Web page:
The Leonardo Museum hasn't paid utility bills since October 2015
(KUTV) Inside The Leonardo Museum, the temperature is nice, the lights are on and the water fountains all work. This despite the fact that the non-profit owes Salt Lake City tens of thousands of dollars in unpaid heating, electric and water bills.
Looking through Mayor Jackie Biskupski's budget, Get Gephardt noticed something unique. There is a line item for $120,000 titled "Leonardo collections."
Through public records requests, Get Gephardt confirmed that the group hasn't paid a single utility bill to the city since October of 2015.
Biskupski’s senior adviser for arts and culture, Lia Summers, said The Leonardo actually owes the city close to $200,000.
“It's absolutely an amount of money that the city takes seriously,” she said.
That said, Summers says that Salt Lake City wants The Leonardo to survive - and thrive. So they have been bailing The Leonardo out, charging a mere $1 per month in rent to use the downtown city building that housed a former city library, and looking the other way on the delinquent bills.
Katie Smith with The Leonardo says they have struggled to make ends meet since opening and, years ago, they turned to the city for help.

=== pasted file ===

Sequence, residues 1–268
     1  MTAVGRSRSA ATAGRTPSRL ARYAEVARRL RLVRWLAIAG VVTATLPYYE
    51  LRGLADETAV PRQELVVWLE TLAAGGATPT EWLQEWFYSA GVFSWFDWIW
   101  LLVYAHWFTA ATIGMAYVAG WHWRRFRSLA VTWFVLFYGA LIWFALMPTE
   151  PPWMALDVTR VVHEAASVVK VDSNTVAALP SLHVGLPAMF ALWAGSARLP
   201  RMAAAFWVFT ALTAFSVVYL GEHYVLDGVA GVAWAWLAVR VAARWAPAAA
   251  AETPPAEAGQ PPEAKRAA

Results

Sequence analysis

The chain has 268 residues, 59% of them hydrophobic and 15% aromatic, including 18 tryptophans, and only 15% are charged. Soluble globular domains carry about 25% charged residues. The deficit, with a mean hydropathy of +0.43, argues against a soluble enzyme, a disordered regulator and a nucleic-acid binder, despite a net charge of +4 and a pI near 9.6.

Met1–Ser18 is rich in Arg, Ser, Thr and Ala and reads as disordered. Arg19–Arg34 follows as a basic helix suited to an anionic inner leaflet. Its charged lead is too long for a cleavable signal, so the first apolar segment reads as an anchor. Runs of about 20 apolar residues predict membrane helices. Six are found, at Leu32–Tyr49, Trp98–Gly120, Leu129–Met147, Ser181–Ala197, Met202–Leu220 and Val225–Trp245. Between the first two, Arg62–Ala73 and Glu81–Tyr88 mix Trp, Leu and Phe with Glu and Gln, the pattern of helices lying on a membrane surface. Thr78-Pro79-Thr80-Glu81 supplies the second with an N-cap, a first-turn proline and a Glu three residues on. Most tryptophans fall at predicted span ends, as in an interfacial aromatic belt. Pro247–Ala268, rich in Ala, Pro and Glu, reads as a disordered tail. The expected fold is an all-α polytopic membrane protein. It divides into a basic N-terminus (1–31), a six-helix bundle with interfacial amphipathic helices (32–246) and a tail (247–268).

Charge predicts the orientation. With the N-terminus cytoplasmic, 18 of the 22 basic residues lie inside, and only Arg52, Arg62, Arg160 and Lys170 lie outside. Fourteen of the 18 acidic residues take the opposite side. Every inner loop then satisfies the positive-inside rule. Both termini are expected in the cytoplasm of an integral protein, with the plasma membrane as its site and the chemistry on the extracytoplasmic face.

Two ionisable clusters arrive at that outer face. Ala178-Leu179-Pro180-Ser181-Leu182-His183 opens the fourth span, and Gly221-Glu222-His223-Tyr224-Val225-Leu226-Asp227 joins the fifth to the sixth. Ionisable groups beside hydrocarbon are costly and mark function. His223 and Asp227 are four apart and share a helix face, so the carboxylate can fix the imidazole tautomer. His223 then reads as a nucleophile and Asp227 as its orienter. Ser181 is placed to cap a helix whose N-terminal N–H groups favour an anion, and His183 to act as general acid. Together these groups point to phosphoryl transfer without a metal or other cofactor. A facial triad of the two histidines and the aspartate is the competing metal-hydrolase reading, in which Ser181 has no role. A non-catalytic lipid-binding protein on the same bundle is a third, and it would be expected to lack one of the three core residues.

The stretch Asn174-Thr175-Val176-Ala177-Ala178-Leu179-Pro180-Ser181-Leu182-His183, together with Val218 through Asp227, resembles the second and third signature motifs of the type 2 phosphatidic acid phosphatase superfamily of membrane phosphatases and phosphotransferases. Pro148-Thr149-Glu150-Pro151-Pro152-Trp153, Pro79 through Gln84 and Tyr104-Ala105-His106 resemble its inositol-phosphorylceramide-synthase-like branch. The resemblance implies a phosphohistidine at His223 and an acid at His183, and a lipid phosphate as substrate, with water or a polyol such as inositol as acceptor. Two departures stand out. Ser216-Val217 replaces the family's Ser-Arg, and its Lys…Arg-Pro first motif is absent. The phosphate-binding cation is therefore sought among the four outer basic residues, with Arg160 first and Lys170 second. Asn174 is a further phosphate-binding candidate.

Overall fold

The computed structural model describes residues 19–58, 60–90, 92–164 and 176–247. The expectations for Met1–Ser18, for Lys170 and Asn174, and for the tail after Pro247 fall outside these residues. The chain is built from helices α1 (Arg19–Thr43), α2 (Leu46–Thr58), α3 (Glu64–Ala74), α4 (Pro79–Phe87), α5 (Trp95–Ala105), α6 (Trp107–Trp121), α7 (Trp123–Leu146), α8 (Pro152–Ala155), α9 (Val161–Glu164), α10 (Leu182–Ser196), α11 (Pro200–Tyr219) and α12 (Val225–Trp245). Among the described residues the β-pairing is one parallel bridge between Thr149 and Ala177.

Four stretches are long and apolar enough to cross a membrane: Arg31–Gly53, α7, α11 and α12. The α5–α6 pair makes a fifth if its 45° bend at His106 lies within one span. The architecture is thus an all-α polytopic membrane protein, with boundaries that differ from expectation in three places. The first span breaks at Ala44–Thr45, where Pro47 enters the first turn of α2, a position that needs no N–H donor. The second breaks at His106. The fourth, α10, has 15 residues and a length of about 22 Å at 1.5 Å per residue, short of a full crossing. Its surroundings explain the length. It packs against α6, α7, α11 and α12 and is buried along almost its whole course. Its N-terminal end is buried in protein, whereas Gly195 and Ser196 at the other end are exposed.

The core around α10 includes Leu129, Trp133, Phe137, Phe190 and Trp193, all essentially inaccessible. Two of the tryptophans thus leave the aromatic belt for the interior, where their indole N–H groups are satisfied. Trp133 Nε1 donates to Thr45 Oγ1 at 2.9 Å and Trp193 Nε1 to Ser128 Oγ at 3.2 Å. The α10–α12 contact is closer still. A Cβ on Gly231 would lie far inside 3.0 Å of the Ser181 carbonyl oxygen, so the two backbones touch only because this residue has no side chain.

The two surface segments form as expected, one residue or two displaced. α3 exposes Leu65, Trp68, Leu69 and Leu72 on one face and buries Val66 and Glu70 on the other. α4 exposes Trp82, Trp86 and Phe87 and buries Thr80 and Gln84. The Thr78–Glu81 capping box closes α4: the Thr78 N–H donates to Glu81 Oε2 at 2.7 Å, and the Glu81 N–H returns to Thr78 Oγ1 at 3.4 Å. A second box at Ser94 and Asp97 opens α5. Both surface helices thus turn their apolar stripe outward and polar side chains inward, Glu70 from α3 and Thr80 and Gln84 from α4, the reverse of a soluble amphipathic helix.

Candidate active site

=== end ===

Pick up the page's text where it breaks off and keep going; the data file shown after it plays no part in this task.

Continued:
“We had a meeting with the former administration to discuss a potential holiday on utility payments," she said. "To our understanding, it was [granted]."
But it wasn't.
The city agreed to hold off on collecting utility payments but never agreed to write them off altogether. Now, the city says it's time to pay up.
The Leonardo says it will.
Pressed on The Leonardo’s current finances, Smith says the non-profit is in a much stronger position, now, and that the utility debt isn’t representative of a failing business model.
"We are not failing but we were a startup company,” she said. “We were more a startup company than we were a normal non-profit."
A public records request turned up a new contract between Salt Lake City and The Leonardo, with The Leonardo agreeing to pay $1000 per month until the debt is paid off, which would take about 17 years. But both Smith and Summers caution that they are already hammering out details on a news operations agreement between the two parties – one that will encompass a lot more than just the utility costs – and one that each hopes will keep The Leonardo in the black.